Ask the Expert: Getting Enough Vitamin D in Later Life

Jeannie Lee

Jeannie K Lee, PharmD, BCPS, BCGP, FASHP
Assistant Dean of Student Services & Associate Professor
University of Arizona College of Pharmacy

Q:  Why is it important for older adults to get enough vitamin D?

A:  Vitamin D plays key roles in your bone health. It helps your body absorb and use calcium, a mineral you need to keep your bones strong. If you don’t continue to get enough vitamin D and calcium in later life, your bones can become thinner and weaker and can break or fracture more easily.

Regular physical activity and exercise are the most important ways to keep your muscles strong so you can stay active and continue all your daily activities. In addition to exercise, vitamin D plays an important role in keeping your muscles strong. When your muscles are stronger, you are less likely to fall and have a bone fracture.

Q:  How can you get vitamin D?

A:  You can get vitamin D in several ways.

Vitamin D is called the “sunlight vitamin” because your skin can make the vitamin when it is exposed to the sun. But as you get older, your skin’s ability to produce vitamin D from sun declines, while the risk of skin cancer from sun exposure continues. Therefore, sunblock should be worn when going out in the sun, and you should obtain Vitamin D from food sources or supplements.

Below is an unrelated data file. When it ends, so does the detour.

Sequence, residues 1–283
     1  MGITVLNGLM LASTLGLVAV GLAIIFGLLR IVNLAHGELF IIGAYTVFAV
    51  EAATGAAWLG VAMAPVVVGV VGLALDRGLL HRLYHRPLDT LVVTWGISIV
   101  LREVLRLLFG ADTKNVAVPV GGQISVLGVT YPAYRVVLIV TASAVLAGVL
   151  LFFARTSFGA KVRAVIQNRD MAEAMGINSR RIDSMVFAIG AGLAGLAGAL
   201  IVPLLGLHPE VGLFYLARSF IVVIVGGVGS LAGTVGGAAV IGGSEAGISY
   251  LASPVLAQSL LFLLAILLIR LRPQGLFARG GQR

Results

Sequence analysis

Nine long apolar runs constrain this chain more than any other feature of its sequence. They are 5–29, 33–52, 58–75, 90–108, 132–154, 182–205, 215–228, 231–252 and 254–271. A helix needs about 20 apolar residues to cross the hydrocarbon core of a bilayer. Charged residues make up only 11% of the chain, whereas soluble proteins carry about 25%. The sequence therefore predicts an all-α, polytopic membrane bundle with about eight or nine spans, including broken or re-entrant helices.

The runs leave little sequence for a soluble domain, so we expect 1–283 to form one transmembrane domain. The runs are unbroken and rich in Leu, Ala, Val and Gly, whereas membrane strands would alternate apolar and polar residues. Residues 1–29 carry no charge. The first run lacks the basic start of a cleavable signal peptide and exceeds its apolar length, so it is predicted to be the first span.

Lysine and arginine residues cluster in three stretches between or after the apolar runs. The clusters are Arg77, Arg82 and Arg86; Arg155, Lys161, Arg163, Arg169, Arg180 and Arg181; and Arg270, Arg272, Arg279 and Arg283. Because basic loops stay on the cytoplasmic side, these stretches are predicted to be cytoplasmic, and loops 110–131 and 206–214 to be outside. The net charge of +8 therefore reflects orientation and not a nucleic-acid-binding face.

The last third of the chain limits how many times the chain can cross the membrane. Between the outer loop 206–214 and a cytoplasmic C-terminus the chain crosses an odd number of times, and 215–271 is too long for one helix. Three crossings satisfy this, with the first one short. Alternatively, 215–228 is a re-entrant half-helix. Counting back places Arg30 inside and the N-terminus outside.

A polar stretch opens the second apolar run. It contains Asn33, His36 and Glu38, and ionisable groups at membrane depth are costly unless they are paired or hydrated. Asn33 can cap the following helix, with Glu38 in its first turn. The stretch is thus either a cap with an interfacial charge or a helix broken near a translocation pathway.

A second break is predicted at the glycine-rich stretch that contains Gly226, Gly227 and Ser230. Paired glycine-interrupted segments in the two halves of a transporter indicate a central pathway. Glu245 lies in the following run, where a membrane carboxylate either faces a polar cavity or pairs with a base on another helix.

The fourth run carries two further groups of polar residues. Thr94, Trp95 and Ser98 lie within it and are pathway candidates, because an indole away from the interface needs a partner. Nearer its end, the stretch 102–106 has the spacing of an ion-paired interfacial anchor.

Fatty fish such as swordfish, salmon, and mackerel are naturally rich in vitamin D. You can also get vitamin D from milk, yogurt, cereals, and juices that have been fortified with vitamin D. That means that vitamin D is added to these foods and drinks. If a food is fortified with vitamin D, the label will say that.

You can also get vitamin D from vitamin supplements. There are products that contain both calcium and vitamin D. Because calcium-vitamin D tablets are quite large and may be difficult to swallow, chewable products might be easier to take.

Q:  How much vitamin D do adults who are 65 and older need?

A:  The American Geriatrics Society brought together a workgroup of expert researchers and clinicians to answer this and related questions about vitamin D. The group carefully reviewed the latest, high-quality research about the vitamin D needs of people 65 years old and older.

Based on their findings, the workgroup recommended that healthcare providers tell their older patients to take at least 1,000 International (IU) units of vitamin D daily—along with calcium supplements—to lower their risks of fractures.

The workgroup also noted that older adults can safely get an average of  4,000 IU/day from all sources—sunlight, foods, fortified foods and drinks, and supplements—daily.  This is the maximum daily intake that is recommended.  This higher intake of vitamin D is a safe way to ensure that older adults have vitamin D levels that can lower their risk of fall-related fractures. 

Last Updated June 2019